Aug 21, Yulia Karabkina Opinion A complete break in diplomatic relations between Kiev and Moscow could be imminent, further complicating any chance of resolving the Ukraine crisis.
Polygraph exam soundmasker History of the Polygraph The Polygraph Lie Detector is a scientific instrument capable of simultaneously recording changes in several physiological variables while the subject is asked a series of questions pertaining to a specific issue under investigation.
The charts generated during the polygraph examination are interpreted by a polygraph examiner. The polygraph invented by John Augustus Larson of the United States of America inis considered officially one of the greatest inventions of all time.
The literal meaning of the word "polygraph" is "many writings" Polys Gr.
The problem of detecting lies has always concerned humans; therefore, the history of the polygraph, also know as the lie detector, has very deep roots. In ancient China dry rice was commonly utilized as a lie detector. The Chinese believed that salivation ceased at times of emotional anxiety such as a strong fear.
An "examiner" had a suspect hold a handful of dry rice in his mouth while he was asked a series of relevant questions. After questioning, the rice was examined. If it was dry, the suspect was declared to be a liar.
This means of deception detection was more advanced than a subjective evaluation of a suspect by a tribe chief. As was assumed then — and is currently supported by more recent evidence — the nervous tension created by lying slowed or blocked the flow of saliva.
Another, more informative method of detecting deception with some psychological validity, involved a donkey. Around BC Indian priests saturated a donkey's tail with carbon residue from an oil lamp and placed the animal in a dark tent. The suspects were sent into the tent and told that pulling the "magic" donkey's tail would reveal the liar if a guilty man pulls his tail, the donkey will bray.
When the suspects came out, the priests examined their hands. Those with clean hands had not touched the donkey's tail. Variations of this test were also used by Chinese and Arabs. A more rigid approach of detecting the truth was used in ancient Sparta.
Before being admitted to certain schools Spartan young men were required to pass the selection criteria. The young men were ordered to stand on the edge of a cliff, and were asked if they were afraid.
It was concluded that the pale young men lied and they were pushed from the cliff. In Ancient Rome bodyguard screening was conducted using a similar method.
Bodyguard candidates were asked provocative questions.
Those who blushed were selected for the job. It was believed that if a person blushed in response to provocative questions, he would not participate in plots. African tribes have utilized their own method of detecting a guilty person.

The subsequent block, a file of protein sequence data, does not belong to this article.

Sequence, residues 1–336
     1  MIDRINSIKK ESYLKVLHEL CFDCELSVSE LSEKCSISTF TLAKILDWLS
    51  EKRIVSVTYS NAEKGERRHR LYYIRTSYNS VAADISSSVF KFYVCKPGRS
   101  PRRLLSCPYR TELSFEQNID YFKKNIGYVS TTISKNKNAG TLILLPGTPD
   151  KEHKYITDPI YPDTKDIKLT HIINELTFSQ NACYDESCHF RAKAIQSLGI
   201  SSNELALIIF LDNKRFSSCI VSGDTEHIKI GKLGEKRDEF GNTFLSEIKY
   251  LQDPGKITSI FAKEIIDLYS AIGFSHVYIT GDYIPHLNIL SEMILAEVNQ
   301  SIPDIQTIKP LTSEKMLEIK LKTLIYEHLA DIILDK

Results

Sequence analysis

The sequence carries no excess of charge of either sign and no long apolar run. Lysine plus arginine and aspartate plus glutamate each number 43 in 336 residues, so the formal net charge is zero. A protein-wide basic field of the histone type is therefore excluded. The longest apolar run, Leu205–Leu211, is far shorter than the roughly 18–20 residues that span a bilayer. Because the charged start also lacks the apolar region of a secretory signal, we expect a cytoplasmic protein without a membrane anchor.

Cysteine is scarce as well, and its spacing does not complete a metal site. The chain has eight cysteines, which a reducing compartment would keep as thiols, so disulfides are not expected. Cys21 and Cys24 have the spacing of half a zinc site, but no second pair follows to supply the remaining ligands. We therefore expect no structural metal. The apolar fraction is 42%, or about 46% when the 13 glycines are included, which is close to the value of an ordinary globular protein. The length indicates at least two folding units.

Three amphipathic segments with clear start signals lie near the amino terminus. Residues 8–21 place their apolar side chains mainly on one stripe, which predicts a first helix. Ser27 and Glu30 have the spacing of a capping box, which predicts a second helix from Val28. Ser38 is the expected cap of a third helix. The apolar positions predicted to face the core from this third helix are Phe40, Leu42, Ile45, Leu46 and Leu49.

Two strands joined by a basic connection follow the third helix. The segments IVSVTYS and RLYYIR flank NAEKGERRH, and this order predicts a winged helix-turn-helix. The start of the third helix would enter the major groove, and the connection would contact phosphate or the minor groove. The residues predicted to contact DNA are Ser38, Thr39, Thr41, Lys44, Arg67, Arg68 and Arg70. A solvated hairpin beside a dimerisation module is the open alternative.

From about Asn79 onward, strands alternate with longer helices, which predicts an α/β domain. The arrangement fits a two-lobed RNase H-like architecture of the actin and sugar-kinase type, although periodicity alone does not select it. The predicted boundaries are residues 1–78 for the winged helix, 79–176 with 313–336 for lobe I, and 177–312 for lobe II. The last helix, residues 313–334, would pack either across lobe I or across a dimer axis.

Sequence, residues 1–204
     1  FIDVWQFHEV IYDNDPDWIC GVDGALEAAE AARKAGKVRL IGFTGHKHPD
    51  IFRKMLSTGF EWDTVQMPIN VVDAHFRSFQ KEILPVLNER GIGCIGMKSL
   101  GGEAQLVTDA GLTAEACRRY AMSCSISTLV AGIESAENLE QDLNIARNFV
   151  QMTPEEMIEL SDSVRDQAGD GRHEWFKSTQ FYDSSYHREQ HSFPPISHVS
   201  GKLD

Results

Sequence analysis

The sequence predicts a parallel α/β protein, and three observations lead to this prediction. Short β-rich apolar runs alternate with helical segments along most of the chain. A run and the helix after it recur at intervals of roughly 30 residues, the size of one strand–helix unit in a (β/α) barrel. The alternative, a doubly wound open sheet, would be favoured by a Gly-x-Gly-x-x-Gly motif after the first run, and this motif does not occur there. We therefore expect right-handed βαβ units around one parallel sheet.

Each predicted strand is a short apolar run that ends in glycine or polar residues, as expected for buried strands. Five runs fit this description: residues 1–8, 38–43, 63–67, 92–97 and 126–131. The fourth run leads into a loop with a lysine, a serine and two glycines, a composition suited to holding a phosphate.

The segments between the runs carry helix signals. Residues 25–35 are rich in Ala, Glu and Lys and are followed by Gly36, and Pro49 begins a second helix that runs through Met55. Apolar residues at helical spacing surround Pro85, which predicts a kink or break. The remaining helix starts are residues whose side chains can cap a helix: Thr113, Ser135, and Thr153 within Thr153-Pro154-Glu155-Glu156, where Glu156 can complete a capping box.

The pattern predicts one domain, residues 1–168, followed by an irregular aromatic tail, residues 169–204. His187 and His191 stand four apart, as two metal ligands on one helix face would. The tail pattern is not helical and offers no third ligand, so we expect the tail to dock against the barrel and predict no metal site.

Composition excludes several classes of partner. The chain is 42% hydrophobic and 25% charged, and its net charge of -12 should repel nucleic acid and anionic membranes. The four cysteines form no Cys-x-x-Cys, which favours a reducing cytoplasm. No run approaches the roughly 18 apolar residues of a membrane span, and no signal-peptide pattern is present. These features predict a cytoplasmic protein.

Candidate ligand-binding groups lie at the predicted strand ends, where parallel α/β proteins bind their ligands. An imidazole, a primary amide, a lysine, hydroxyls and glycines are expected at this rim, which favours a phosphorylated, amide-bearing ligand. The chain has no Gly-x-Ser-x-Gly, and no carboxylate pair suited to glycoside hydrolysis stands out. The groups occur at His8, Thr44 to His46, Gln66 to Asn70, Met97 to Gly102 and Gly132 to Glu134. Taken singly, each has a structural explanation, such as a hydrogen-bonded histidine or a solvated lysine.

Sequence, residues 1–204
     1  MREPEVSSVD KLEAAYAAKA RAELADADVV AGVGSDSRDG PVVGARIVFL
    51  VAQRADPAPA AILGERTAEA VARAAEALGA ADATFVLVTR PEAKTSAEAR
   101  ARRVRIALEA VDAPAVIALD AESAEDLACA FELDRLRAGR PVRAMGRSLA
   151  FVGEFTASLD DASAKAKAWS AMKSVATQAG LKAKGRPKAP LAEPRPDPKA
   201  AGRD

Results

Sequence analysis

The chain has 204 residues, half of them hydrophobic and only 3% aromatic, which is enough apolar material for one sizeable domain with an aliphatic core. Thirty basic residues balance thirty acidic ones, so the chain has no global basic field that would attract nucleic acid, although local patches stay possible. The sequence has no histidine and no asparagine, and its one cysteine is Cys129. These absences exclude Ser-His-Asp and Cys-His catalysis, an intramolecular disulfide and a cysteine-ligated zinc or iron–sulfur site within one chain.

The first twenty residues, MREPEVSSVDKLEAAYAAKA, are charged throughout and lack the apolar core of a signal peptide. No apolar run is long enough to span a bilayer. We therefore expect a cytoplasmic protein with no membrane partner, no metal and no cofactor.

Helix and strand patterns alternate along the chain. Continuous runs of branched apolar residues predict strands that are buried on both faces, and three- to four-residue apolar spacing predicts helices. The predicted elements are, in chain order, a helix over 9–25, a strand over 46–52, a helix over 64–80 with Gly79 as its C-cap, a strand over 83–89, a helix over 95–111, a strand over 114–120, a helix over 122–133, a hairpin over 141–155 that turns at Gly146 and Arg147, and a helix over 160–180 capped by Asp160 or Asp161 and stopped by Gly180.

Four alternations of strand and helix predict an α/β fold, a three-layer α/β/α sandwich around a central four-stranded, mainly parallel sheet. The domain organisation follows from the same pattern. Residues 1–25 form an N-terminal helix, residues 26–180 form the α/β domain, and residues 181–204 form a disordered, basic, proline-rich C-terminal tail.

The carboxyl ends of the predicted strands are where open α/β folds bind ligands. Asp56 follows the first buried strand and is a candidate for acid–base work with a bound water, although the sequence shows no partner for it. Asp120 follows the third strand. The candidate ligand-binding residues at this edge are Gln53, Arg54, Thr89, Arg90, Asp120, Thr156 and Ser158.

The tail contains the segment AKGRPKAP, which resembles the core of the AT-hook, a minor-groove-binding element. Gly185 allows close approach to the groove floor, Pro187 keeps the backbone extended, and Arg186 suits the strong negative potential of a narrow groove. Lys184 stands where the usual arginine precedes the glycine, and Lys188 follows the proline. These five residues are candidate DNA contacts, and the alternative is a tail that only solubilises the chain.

While performing a special dance around a suspected individual, a sorcerer intensely sniffed him. The "investigator" made a conclusion whether the suspect committed the crime based upon the intensity of his body odor smell.
During the Middle Ages a suspect's pulse rate readings were collected for determining his or her guilt. This method was employed for exposing unfaithful wives and their lovers.
The testing technique was very simple. A trained individual placed a finger on a wrist of a woman suspected of infidelity, while mentioning names of the men, who could have had an intimate relationship with her.
The examinee's pulse accelerated when she heard and, consequently, reacted to the name of her lover. In West Africa persons suspected of a crime were made to hold and pass a bird's egg to one another.
The person breaking the egg was considered guilty, based on the notion that his or her tremor-eliciting nervousness was to blame.
Only at the end of the 18th century were conditions conducive to developing technical means of detecting deception, subsequently named: Currently, polygraph and lie detector are the most widely used names in the world.
The earliest attempt at a scientific approach to the development of diagnostic instrumentation for lie detection dates circawhen the Italian physiologist, Angelo Mossobegan studies of fear and its influence on the heart and respiration.
The fear of being detected was considered an essential element of deception. Through his research Mosso demonstrated that blood pressure, blood volume, and pulse frequency changed depending on changes in emotions of a tested subject. From records of pulsation, Mosso was able to distinguish persons who were afraid from those who were tranquil.
Mosso devised several types of Plethysmographs Plethysmos Gr. Inthe French electrotherapy specialist, Dr.BBC Monitoring reports and analyses news from media around the world.
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